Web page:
Wednesday, October 23, 2019

From Iceland, Germany and Britain, three amazing films

Doubtful these films will see the light of day locally but I saw them this month at Montreal’s Festival of New Cinema (Festival du Nouveau Cinema) and thought them so good they’re worth writing about.

The first film was Echo by Icelandic director Runar Runarsson. It’s like nothing I’ve quite seen before. It’s a 79-minute film containing 56 vignettes of life in largely the city of Reykjavik leading up to and through the Christmas and New Year’s season. The film opens with a scene of stationary brushes at a car wash that seem like towering tropical plants; they come to life like swamp creatures as a car moves through them. The film's scenes are totally distinct from one another and each one carries a story in itself - snippets of life. A barn burns as the owner remembers good times that took place there. A janitor gets a phone call from her estranged spouse saying he’s taking the kids away for the holidays, despite it being her turn to have them; she breaks down in tears. A piano student smilingly rehearses a piece only to be upstaged by another child. A man with dementia in a nursing home, all dressed up, cannot understand what’s taking place around him. Butchers carving carcasses break into a joyful dance. Apartment dwellers take to the courtyard to set off a stream of fireworks. The director, present after the screening, said the vignettes were a combination of documentary and staging, and we could guess which were which! The shot of a live birth was very real, however. The score, hardly Christmas kitschy, helps maintain a meditative quality as we’re engrossed in every joyous and not so joyous scene, wishing the parade of them would never end.

The next film was System Crasher, by Nora Fingscheidt, Germany’s entry for best international film for the upcoming Oscars. It’s a portrait of Benni, a nine-year-old girl who was traumatized and has become an enfant terrible. Her mother refuses to take her in and the child welfare system can’t find a suitable home for her behavioral problems. The title comes from the fact the child can’t be placed in any proper facility. Benni is smart, witty but has an unpredictable temper and the smallest thing, from a look to a laugh from another person, can set her off in a violent torrent. A girl in her class mocks her trying to read a poem, Benni swiftly takes the girl’s head and bashes it into the desk. Benni must travel with an adult escort (Albrecht Schurch), a working-class guy who seems to make a breakthrough with her when social workers can’t. Fingscheidt took seven years to make this film and comprehensively studied the child welfare system; Benni is a composite of several problem children she encountered. What’s astonishing is that this film is not a documentary but drama, and Benni is played by child actor Helena Zengel, so good she’s now working in a film with Tom Hanks.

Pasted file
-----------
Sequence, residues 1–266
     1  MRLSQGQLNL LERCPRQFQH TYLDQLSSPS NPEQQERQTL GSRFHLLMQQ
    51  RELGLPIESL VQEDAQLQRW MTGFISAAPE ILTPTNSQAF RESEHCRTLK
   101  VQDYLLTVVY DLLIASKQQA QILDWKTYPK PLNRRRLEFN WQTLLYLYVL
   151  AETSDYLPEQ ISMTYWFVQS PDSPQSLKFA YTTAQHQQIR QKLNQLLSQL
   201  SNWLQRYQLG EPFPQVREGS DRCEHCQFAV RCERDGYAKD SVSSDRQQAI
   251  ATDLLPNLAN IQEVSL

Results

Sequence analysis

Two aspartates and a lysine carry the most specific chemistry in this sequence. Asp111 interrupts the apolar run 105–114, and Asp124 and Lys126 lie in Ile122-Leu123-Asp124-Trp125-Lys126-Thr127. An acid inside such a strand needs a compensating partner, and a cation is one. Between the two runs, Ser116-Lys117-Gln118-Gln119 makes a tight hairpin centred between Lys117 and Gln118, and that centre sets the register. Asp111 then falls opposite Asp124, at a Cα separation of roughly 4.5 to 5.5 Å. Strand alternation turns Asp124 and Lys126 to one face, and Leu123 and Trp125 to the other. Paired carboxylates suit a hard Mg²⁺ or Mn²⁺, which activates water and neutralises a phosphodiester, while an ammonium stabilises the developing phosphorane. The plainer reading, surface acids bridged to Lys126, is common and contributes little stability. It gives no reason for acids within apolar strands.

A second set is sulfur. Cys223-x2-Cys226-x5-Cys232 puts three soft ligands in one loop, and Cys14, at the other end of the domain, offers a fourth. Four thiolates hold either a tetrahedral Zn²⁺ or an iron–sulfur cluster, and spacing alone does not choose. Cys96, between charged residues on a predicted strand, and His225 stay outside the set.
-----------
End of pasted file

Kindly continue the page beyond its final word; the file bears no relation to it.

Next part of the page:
The third film was the British film Bait by Mark Jenkin. Wow, is this terrific! Totally unexpected, the film is shot in 16 mm black and white with a scratchy overlay, as though it was a film made decades ago and just found in an old beat-up trunk. As well, the shots are almost all close up or oblique, where we just catch a partial view, sometimes at an angle, of the subject matter – wine and cheese being deposited in a fridge, a fishing bucket dropped on a pier, bits of rope, the eyes and cheeks of a strained face. The story pits a vanishing breed of Cornish fishermen against upscale urban tourists (complete with Land Rover), who’ve bought up houses and rent them out for charming seaside idylls. Class conflict ensues between the two groups, all captured by bits of speech, grunts, and facial expressions. Jenkin provides no resolution to the clash though the film depicts the seething contempt under the surface of people whose way of life is threatened.

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